The teenager who had shot his parents

Bassim

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I am wondering if my sentences are grammatically correct.

The teenager who had shot his parents seemed to be an ordinary child, shy and timid. His next-door neighbour told the journalists he could have been his son.
 

Bassim

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There is nothing confusing in my sentence. The neighbour is talking about the teenager.
 

teechar

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If you're not talking about specific/previously mentioned journalists, remove the definite article.
 

Matthew Wai

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There is nothing confusing in my sentence. The neighbour is talking about the teenager.
The teenager's next-door neighbour told journalists the teenager could have been the neighbour's son.

Do you mean that?
 

teechar

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What else could it mean?
 

tzfujimino

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I'm sorry to have confused YOU, Bassim, because of my poor reading comprehension.:oops:
May I ask what you mean by the quoted sentence in my post #2, please? The "could have been" part is also confusing for me.
 

Bassim

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tzfujimino,

I don't understand what is that confusing you. My sentence is clear. The neighbour is talking to journalists. He is talking about a possibility. The boy was not his son, but he could have been because he was old enough to be.
 

Matthew Wai

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The teenager's next-door neighbour told journalists he was old enough to be the teenager's father.

Do you mean that?
 

tzfujimino

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So, if I understand your explanation correctly, the neighbour said something like this to the journalist:
If I had a son, he would be as old as the teenager.

Am I correct?
:oops:
 

teechar

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It's not just about age. The neighbour is saying that he had viewed the teenager as an ordinary boy.
 

Bassim

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No. You have misunderstood my sentence.
A tragedy happened. The boy killed his parents. Journalists interviewed the neighbour. He, of course, felt sorry for the boy, and therefore he said, "he could have been my son." He used this phrase to describe how he felt for the boy.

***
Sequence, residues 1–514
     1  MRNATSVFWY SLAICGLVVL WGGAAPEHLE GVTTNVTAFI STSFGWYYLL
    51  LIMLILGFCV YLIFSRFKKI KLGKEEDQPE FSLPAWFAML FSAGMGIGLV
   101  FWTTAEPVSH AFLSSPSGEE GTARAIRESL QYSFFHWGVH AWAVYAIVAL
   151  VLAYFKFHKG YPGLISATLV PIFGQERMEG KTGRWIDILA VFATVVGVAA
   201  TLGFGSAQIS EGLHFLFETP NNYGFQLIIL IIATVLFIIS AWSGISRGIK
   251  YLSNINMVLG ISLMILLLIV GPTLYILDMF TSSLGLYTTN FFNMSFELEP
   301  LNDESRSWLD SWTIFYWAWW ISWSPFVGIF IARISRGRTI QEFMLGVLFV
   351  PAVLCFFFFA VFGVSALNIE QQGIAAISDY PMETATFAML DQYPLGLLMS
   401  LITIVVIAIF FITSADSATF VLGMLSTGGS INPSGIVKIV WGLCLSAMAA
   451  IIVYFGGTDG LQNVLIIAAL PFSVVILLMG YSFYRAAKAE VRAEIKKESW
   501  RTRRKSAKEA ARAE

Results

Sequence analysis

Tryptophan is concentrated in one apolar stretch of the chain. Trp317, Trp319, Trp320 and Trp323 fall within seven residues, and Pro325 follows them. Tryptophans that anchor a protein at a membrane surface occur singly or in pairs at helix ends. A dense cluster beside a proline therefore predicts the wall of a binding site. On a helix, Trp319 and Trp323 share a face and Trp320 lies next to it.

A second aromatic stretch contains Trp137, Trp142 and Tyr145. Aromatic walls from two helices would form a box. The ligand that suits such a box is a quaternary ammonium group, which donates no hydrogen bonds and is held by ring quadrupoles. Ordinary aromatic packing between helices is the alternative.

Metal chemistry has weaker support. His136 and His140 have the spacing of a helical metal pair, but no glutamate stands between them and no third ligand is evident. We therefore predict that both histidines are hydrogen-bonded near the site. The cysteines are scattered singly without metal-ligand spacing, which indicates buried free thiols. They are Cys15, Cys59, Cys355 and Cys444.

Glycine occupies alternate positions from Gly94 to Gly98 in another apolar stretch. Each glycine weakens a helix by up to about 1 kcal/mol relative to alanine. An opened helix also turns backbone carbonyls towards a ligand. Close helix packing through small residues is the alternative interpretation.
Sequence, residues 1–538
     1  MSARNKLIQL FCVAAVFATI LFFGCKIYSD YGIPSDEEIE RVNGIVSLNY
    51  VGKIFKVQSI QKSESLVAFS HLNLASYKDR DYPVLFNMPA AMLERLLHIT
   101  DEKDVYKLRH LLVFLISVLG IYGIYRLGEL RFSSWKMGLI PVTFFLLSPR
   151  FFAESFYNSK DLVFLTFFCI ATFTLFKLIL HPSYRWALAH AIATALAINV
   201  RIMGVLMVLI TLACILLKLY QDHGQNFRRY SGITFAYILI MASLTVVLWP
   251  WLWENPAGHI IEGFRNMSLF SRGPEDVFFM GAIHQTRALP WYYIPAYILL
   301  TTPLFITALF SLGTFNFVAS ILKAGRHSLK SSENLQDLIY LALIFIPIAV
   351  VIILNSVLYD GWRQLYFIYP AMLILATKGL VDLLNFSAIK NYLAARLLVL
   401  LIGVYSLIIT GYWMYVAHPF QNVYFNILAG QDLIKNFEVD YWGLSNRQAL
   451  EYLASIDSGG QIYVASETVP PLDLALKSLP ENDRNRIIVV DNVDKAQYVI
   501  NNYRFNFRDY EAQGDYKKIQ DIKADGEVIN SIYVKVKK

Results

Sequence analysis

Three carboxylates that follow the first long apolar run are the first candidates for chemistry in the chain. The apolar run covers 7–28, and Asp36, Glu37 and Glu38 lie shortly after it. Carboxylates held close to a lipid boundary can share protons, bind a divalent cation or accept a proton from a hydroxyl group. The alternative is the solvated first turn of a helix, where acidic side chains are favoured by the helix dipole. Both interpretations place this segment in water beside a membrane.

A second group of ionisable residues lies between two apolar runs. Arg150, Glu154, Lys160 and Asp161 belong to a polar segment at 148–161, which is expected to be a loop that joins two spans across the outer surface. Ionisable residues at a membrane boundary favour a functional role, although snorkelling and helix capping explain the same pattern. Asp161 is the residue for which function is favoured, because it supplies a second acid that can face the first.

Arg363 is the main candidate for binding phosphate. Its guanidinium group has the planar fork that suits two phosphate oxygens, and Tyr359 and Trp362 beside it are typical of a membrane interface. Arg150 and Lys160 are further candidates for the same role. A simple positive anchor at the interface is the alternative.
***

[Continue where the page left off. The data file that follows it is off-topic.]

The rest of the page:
tzfujimino

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[STRIKE]The same kind of tragedy could have happened to his (the neighbour's) own son.

A bit closer?[/STRIKE]

(Edit)
I understand.
Sorry about this mess, Bassim.:oops:
 

Bassim

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tzfujimino

teechar has explained to you in his post better than I can. It's not about age or the neighbour's son. He just uses this expression to describe the teenager as an ordinary boy. There was nothing that could indicate the teenager would commit the crime.
 

emsr2d2

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The easiest way to make this clear would be to use a direct quote.

The next-door neighbour told the journalist, "I'm shocked. He was just an ordinary boy, just like my son!"
 

GoesStation

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No. You have misunderstood my sentence.
A tragedy happened. The boy killed his parents. Journalists interviewed the neighbour. He, of course, felt sorry for the boy, and therefore he said, "he could have been my son." He used this phrase to describe how he felt for the boy.
A common way to express such a relationship is ​He was like a son to me.
 

Bassim

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GoesStation,

I did not want to say "He was like a son to me." In my post above I just tried to explain to tzfujimino what my sentence meant. Unfortunately, I am unable to explain something which is clear for any native speaker of English.
My sentence was clear from the beginning. Any native speaker would understand it without any misunderstanding. ,
teechar has already explained what I wanted to say.
 
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